Style Numbers

ca. 1931

The assigning of style numbers, and in some cases, names, started shortly after Medalta introduced its new artwares in 1930. The first artwares included the handpainted/glazed pitchers done in the decorative owl, mill and cottage designs. The three or four lamp bases and ten or so vases that were available were usually finished in a variety of designs using coloured lacquers. The first lamps and vases were hand thrown and accordingly marked with the “HAND MADE” stamp (M.6). The variety of products was fairly limited the first year, but as their designers brought out new shapes, it soon became apparent that Medalta needed a quick and accurate way of referring to each style. By the end of 1931, Medalta had gone back and assigned style numbers to its vases and two styles of jardinieres. They started at 101 assigning the numbers consecutively through to 112, but at this time the numbers were not yet in the mould. That would be done as the old moulds wore out and new ones were made to replace them. But they did start numbering the various styles by penning the number on the bottom in white or black ink, and at the same time, the decoration number was added. A typical example would be “106/1500”, the 1500 standing for the camels in desert decoration on vase style No. 106. The next year, 1932, saw Medalta bringing out a variety of new vases and these ones had the style numbers in the mould.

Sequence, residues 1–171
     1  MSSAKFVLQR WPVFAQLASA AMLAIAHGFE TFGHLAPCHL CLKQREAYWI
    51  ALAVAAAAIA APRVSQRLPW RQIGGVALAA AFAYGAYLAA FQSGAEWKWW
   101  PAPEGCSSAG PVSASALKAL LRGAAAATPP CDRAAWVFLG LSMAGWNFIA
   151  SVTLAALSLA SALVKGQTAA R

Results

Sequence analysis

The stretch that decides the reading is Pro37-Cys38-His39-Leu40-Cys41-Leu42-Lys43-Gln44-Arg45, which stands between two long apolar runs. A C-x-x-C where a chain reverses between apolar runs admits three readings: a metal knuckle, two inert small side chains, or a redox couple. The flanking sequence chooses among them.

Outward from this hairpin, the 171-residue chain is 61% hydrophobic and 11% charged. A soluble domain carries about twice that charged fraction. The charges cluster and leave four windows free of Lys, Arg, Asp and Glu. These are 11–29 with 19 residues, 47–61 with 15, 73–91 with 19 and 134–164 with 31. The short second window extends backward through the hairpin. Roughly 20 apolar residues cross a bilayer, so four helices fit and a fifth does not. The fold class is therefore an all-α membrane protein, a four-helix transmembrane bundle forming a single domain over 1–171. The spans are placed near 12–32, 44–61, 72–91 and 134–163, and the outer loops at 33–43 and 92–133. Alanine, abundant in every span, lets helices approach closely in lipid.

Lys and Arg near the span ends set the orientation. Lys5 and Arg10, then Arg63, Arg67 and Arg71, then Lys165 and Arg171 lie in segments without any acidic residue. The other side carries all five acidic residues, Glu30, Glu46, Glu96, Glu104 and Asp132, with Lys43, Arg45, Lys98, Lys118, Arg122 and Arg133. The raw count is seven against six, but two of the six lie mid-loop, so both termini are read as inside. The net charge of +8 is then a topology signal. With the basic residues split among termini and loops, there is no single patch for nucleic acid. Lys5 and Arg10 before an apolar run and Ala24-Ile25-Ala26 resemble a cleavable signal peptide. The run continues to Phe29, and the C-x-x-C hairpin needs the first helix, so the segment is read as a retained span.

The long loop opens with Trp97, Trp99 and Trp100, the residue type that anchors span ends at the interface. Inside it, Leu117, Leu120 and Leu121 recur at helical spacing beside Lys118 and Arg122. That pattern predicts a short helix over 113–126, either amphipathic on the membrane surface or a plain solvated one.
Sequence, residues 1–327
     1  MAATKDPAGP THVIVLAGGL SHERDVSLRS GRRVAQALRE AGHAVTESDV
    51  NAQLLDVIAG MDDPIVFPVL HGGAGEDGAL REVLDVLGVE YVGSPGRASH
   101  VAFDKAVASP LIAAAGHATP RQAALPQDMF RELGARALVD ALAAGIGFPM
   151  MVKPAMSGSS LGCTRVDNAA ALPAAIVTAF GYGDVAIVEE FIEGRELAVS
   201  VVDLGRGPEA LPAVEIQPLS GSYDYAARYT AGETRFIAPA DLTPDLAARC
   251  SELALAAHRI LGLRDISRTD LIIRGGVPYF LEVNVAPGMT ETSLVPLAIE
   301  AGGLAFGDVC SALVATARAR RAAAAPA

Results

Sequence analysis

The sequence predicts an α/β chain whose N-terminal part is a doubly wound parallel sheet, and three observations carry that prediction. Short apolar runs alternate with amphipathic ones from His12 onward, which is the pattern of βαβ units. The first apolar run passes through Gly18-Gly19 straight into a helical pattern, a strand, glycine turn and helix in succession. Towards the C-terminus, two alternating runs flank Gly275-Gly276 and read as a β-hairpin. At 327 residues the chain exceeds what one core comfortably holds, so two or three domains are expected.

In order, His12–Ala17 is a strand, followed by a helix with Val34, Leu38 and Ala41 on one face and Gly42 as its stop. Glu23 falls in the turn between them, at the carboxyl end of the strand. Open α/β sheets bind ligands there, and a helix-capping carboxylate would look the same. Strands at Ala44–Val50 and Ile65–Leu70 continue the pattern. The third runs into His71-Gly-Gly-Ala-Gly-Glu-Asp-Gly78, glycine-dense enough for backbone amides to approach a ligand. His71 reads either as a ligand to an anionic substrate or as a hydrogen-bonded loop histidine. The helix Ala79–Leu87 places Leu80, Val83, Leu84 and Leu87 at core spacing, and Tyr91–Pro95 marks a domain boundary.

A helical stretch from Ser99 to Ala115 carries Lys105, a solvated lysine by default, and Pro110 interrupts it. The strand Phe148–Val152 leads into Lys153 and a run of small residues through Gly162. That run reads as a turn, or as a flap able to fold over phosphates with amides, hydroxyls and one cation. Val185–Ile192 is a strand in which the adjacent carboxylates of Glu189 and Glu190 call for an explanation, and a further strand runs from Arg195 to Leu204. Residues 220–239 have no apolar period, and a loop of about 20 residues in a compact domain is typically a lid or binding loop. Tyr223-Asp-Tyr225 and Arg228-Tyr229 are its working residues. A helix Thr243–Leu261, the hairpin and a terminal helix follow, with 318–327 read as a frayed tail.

The in-mould numbers are found in various forms. The series from 101 to 112 are just a number. Most of the ones assigned after that are preceded by "No.” but not always. Again it seems to have been a hit and miss thing, with no rhyme or reason as to why one has just the number and others the full entry, but the full entry is by far the most common one. The style number can be found alone, with the size or other numbers below it, and it can be found with the size or decoration number appended to it. The size number is usually in-mould as well, while the decoration number is invariably added using a white or black ink oxide.

Quite a few of the lamps have the number stamped on the inside of the bottom in black ink as just a number or as a number preceded with the number sign such as “55” or “# 53”. In one instance the No. 55 lamp base was clearly stamped with the number “57” showing that mistakes were sometimes made right at the factory

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